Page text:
It was between nine and ten o'clock when, strolling in a melancholy manner through the town, I stopped at Mr. Omer's door. Mr. Omer had taken it so much to heart, his daughter told me, that he had been very low and poorly all day, and had gone to bed without his pipe.
'A deceitful, bad-hearted girl,' said Mrs. Joram. 'There was no good in her, ever!'
'Don't say so,' I returned. 'You don't think so.'
'Yes, I do!' cried Mrs. Joram, angrily.
'No, no,' said I.
Mrs. Joram tossed her head, endeavouring to be very stern and cross; but she could not command her softer self, and began to cry. I was young, to be sure; but I thought much the better of her for this sympathy, and fancied it became her, as a virtuous wife and mother, very well indeed.
'What will she ever do!' sobbed Minnie. 'Where will she go! What will become of her! Oh, how could she be so cruel, to herself and him!'
I remembered the time when Minnie was a young and pretty girl; and I was glad she remembered it too, so feelingly.
'My little Minnie,' said Mrs. Joram, 'has only just now been got to sleep. Even in her sleep she is sobbing for Em'ly. All day long, little Minnie has cried for her, and asked me, over and over again, whether Em'ly was wicked? What can I say to her, when Em'ly tied a ribbon off her own neck round little Minnie's the last night she was here, and laid her head down on the pillow beside her till she was fast asleep! The ribbon's round my little Minnie's neck now. It ought not to be, perhaps, but what can I do? Em'ly is very bad, but they were fond of one another. And the child knows nothing!'
Mrs. Joram was so unhappy that her husband came out to take care of her. Leaving them together, I went home to Peggotty's; more melancholy myself, if possible, than I had been yet.
That good creature — I mean Peggotty — all untired by her late anxieties and sleepless nights, was at her brother's, where she meant to stay till morning. An old woman, who had been employed about the house for some weeks past, while Peggotty had been unable to attend to it, was the house's only other occupant besides myself. As I had no occasion for her services, I sent her to bed, by no means against her will, and sat down before the kitchen fire a little while, to think about all this.
I was blending it with the deathbed of the late Mr. Barkis, and was driving out with the tide towards the distance at which Ham had looked so singularly in the morning, when I was recalled from my wanderings by a knock at the door. There was a knocker upon the door, but it was not that which made the sound. The tap was from a hand, and low down upon the door, as if it were given by a child.
It made me start as much as if it had been the knock of a footman to a person of distinction. I opened the door; and at first looked down, to my amazement, on nothing but a great umbrella that appeared to be walking about of itself. But presently I discovered underneath it, Miss Mowcher.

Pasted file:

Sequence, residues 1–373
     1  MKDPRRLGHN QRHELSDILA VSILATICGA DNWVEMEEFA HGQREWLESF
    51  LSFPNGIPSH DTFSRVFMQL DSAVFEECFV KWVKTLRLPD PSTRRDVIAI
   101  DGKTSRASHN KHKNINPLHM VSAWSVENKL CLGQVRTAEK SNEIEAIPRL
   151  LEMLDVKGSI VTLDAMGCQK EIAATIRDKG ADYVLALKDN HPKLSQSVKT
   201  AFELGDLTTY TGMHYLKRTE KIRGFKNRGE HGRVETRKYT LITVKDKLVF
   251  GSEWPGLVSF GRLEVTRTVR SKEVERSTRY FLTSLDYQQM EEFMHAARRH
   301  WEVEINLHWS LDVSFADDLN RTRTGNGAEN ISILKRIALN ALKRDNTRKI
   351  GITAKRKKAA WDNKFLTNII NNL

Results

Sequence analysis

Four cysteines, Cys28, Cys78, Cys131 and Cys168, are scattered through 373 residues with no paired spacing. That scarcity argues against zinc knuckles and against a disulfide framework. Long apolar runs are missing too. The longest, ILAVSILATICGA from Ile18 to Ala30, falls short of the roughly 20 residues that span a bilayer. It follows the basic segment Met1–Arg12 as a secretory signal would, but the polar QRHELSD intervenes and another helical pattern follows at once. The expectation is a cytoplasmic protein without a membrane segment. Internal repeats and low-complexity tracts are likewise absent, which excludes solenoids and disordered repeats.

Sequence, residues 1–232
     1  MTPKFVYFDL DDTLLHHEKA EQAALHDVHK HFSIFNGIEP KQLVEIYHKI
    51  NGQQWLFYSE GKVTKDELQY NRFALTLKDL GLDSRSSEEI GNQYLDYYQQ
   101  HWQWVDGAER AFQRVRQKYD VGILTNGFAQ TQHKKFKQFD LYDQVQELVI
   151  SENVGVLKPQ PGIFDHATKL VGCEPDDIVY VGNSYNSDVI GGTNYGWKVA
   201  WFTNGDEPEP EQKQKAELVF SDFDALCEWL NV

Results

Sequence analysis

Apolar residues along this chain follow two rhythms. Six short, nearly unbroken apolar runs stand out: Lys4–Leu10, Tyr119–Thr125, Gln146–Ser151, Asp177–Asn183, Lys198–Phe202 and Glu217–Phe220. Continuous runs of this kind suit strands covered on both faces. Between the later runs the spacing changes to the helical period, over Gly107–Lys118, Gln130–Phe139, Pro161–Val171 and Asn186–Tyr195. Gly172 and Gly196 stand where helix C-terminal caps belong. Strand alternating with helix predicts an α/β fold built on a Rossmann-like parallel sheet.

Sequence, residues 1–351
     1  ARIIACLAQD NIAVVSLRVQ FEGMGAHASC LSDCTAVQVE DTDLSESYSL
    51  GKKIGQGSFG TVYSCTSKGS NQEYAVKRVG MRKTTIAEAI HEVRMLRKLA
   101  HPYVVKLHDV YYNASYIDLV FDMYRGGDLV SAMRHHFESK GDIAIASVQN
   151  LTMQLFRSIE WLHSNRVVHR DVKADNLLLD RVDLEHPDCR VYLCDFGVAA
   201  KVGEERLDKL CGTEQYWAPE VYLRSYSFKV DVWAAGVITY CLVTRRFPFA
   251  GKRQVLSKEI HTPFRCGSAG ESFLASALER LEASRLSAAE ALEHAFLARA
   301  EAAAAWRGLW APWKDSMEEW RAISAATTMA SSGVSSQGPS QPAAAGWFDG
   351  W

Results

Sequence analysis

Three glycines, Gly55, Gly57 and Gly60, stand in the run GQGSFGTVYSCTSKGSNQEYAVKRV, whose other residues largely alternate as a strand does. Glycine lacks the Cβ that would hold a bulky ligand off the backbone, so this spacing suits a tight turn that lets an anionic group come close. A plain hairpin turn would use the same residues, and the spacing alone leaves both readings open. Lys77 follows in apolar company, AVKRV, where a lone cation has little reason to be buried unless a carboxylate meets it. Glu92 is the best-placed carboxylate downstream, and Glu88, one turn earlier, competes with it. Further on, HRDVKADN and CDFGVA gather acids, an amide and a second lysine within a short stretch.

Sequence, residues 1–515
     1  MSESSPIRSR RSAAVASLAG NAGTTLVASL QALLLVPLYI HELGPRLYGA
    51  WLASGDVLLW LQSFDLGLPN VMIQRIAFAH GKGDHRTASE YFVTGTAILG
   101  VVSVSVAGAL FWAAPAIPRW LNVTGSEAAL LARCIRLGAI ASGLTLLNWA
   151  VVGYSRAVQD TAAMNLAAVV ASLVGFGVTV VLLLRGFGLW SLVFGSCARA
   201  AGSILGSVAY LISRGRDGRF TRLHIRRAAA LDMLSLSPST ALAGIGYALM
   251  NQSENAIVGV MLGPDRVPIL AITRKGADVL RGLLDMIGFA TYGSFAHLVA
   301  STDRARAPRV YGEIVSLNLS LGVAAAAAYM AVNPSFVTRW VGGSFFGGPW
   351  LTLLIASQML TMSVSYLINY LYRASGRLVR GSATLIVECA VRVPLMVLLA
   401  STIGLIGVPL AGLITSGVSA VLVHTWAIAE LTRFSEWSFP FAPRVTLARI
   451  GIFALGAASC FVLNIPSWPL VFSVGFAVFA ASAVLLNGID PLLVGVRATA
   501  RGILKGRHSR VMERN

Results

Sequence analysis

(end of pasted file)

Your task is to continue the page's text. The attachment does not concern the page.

I might not have been prepared to give the little creature a very kind reception, if, on her removing the umbrella, which her utmost efforts were unable to shut up, she had shown me the 'volatile' expression of face which had made so great an impression on me at our first and last meeting. But her face, as she turned it up to mine, was so earnest; and when I relieved her of the umbrella (which would have been an inconvenient one for the Irish Giant), she wrung her little hands in such an afflicted manner; that I rather inclined towards her.
'Miss Mowcher!' said I, after glancing up and down the empty street, without distinctly knowing what I expected to see besides; 'how do you come here? What is the matter?' She motioned to me with her short right arm, to shut the umbrella for her; and passing me hurriedly, went into the kitchen. When I had closed the door, and followed, with the umbrella in my hand, I found her sitting on the corner of the fender — it was a low iron one, with two flat bars at top to stand plates upon — in the shadow of the boiler, swaying herself backwards and forwards, and chafing her hands upon her knees like a person in pain.
Quite alarmed at being the only recipient of this untimely visit, and the only spectator of this portentous behaviour, I exclaimed again, 'Pray tell me, Miss Mowcher, what is the matter! are you ill?'
'My dear young soul,' returned Miss Mowcher, squeezing her hands upon her heart one over the other. 'I am ill here, I am very ill. To think that it should come to this, when I might have known it and perhaps prevented it, if I hadn't been a thoughtless fool!'
Again her large bonnet (very disproportionate to the figure) went backwards and forwards, in her swaying of her little body to and fro; while a most gigantic bonnet rocked, in unison with it, upon the wall.
'I am surprised,' I began, 'to see you so distressed and serious'-when she interrupted me.